New containment systems could accelerate LNG bunker vessel builds
With the deadline for IMO’s 2020 sulphur cap just months away, LNG as a marine fuel is gaining larger market acceptance as a compliance option for a broad range of vessels. While a relatively small percentage of the overall world fleet burns LNG as a fuel – there are about 300 LNG-fuelled vessels in operation, on order or under construction – it nevertheless represents a growing market segment for LNG containment system company GTT.
“In an increasingly stringent regulatory environment, especially in the main trading ports, the interest of shipowners for our LNG propulsion solutions is becoming clear,” explains GTT chairman and chief executive Philippe Berterottière. “In conjunction with our partners, we are continuing our efforts to become a long-term player in this new ecosystem.”
Those efforts include an agreement between the French engineering company and South Korea’s Dongsung Finetec regarding the development and commercialisation of a tank containment system which could be prefabricated for “drop-in” installation in an LNG-fuelled vessel at shipyard.
"Depending on the LNG tanks and initial conditions, it is estimated that the LNG Brick has an approximate holding time of 15 days"
GTT’s LNG Brick containment system, based on its Mark III membrane technology, targets containerships, bulk carriers, car carriers, and roro vessels with fuel tank capacities of 300 to 3,000 m3. Dongsung Finetec would be charged with fabricating the tanks. The LNG Brick was developed as GTT’s cost-effective solution to compete with IMO Type C tanks.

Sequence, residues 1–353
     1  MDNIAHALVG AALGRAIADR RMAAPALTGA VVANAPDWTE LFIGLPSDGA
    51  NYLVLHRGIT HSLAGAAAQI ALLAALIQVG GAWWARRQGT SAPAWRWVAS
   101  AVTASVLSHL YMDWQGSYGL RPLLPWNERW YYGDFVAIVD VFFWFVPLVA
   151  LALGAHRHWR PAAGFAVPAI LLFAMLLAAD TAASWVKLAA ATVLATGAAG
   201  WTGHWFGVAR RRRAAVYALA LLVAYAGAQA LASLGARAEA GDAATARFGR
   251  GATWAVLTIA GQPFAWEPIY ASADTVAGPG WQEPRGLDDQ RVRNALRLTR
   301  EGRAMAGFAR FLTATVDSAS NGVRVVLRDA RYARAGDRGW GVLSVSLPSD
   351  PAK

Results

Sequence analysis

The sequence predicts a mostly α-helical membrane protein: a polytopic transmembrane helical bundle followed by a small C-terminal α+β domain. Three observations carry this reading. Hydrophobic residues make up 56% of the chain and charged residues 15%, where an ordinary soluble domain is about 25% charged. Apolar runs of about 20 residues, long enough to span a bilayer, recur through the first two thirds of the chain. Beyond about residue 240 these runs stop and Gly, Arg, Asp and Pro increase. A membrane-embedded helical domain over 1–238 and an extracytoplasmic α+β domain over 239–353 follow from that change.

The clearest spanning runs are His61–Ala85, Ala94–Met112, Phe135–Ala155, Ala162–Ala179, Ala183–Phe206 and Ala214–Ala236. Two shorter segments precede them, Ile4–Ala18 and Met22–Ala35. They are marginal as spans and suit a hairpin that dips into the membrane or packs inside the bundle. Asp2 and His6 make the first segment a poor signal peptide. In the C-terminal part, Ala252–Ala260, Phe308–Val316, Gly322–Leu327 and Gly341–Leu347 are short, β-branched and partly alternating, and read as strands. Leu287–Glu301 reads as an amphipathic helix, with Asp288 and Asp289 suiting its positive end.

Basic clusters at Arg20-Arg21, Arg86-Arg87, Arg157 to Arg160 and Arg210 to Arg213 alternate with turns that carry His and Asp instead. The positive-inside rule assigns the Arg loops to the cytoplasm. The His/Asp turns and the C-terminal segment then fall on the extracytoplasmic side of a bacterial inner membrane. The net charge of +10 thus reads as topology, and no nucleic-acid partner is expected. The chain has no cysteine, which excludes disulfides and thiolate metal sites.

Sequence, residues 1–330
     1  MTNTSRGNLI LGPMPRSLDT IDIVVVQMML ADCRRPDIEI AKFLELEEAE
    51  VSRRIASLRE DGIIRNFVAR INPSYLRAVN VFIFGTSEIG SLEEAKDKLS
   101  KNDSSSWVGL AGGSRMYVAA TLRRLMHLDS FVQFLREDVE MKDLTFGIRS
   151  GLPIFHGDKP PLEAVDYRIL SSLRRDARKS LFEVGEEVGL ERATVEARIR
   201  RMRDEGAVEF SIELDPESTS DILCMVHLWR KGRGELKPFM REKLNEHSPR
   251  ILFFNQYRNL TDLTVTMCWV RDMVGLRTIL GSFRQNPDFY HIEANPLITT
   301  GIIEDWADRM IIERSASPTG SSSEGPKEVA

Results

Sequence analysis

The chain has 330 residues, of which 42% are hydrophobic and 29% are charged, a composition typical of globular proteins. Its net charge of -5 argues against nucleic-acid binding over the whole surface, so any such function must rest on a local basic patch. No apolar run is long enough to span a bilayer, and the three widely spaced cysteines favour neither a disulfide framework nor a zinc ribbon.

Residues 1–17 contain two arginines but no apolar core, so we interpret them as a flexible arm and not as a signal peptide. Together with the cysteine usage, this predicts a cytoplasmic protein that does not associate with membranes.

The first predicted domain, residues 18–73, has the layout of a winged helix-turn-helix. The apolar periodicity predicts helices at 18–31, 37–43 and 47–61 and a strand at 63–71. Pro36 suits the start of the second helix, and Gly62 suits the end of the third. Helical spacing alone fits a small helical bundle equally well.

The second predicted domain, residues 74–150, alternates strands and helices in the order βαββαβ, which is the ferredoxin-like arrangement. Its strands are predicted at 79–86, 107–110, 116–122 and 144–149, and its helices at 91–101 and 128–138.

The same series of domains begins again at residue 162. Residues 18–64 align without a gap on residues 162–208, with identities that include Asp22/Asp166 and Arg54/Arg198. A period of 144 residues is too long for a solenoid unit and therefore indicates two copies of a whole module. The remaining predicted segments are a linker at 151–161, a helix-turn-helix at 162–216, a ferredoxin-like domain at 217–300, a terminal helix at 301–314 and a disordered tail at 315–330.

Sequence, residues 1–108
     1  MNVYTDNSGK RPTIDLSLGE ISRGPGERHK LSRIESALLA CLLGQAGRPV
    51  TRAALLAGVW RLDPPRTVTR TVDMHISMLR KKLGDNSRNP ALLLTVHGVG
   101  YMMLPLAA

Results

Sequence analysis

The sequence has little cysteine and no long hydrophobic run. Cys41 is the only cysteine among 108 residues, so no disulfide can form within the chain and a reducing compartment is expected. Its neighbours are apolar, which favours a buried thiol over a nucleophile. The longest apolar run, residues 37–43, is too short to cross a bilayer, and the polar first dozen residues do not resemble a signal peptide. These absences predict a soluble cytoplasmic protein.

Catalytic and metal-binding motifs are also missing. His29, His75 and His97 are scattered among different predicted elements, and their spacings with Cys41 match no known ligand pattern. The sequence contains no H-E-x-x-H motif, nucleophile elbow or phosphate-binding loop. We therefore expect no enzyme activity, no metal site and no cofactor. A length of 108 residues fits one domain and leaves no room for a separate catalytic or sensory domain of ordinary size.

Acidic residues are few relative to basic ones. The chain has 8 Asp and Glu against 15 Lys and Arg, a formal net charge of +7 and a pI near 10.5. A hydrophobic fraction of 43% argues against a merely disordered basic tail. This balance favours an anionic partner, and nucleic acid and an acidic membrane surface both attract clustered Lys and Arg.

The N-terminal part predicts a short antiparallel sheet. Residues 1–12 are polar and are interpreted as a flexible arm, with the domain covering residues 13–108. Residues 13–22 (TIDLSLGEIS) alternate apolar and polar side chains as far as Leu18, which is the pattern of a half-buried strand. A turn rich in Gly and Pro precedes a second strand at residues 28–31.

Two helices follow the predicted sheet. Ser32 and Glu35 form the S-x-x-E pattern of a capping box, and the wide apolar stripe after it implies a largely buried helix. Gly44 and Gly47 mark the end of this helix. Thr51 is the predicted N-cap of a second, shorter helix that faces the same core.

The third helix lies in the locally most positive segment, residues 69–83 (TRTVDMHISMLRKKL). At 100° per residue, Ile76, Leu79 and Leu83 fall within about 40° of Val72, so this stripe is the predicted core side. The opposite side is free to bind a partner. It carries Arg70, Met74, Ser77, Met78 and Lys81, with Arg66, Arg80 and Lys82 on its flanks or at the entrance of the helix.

The steel structure of the LNG Brick system has been reinforced to withstand high pressures. Depending on the LNG tanks and initial conditions, it is estimated that the LNG Brick has an approximate holding time of 15 days.
This, in turn, enables the LNG Brick unit to better manage the boil-off for small volumes of LNG, thanks to its ability to maintain a higher pressure than traditional membrane tanks. Additionally, like other membrane tanks, LNG Brick units are customisable because of their parallelepiped shape – each face of the tank is shaped like a parallelogram – allowing them to suit the space available; this makes them more space-efficient than bulky IMO Type C tanks.
Type B tank containment
Elsewhere, Japan’s Ecobunker Shipping Co, Ltd has entered into a newbuild contract with Japan Marine United for an LNG and low sulphur fuel oil bunkering vessel that will use self-supporting prismatic-shape IMO type B tanks as the containment system.
Based in the Port of Yokohama, the vessel will be part of a ship-to-ship transfer LNG fuel supply business in Tokyo Bay, formed by Sumitomo Corporation, Uyeno Transtech Ltd and Yokohama-Kawasaki International Port Corporation, which are the three shareholders of Ecobunker Shipping. The LNG bunkering operation is being subsidised by the Japanese Ministry of Land, Infrastructure, Transport and Tourism.
Self-supporting prismatic-shape IMO type B (SPB) tanks have been around since the late 1980s, first fitted in the 1,500 m3 LEG/LNG carrier Kayu Maru, and later in the 89,900m3 LNGCs Arctic Sun and Polar Eagle completed by IHI in 1993.
More recently, SPB containment systems, developed by Japan’s IHI and Japan Marine United (JMU) have found their way into a series of 165,000m3 LNGCs under construction at JMU for owners NYK Line and Mitsui OSK.
This is the first time the SPB containment system is being used in an LNG bunkering vessel.
JMU is handling the concept and LNG system design, while the hull design and construction will be sub-contracted to Fukuoka Shipbuilding Co, Ltd. The LNG tank fabrication and LNG cargo handling system will be supplied by Atlantic, Gulf & Pacific Company. The multi-product bunkering vessel, the first of its type in Asia, will have an overall length of 95.57 m, beam of 15.8 m and draught of 4.4 m, with an LNG tank capacity of 2,500 m3 and a low sulphur marine fuel oil capacity of 1,500 m3.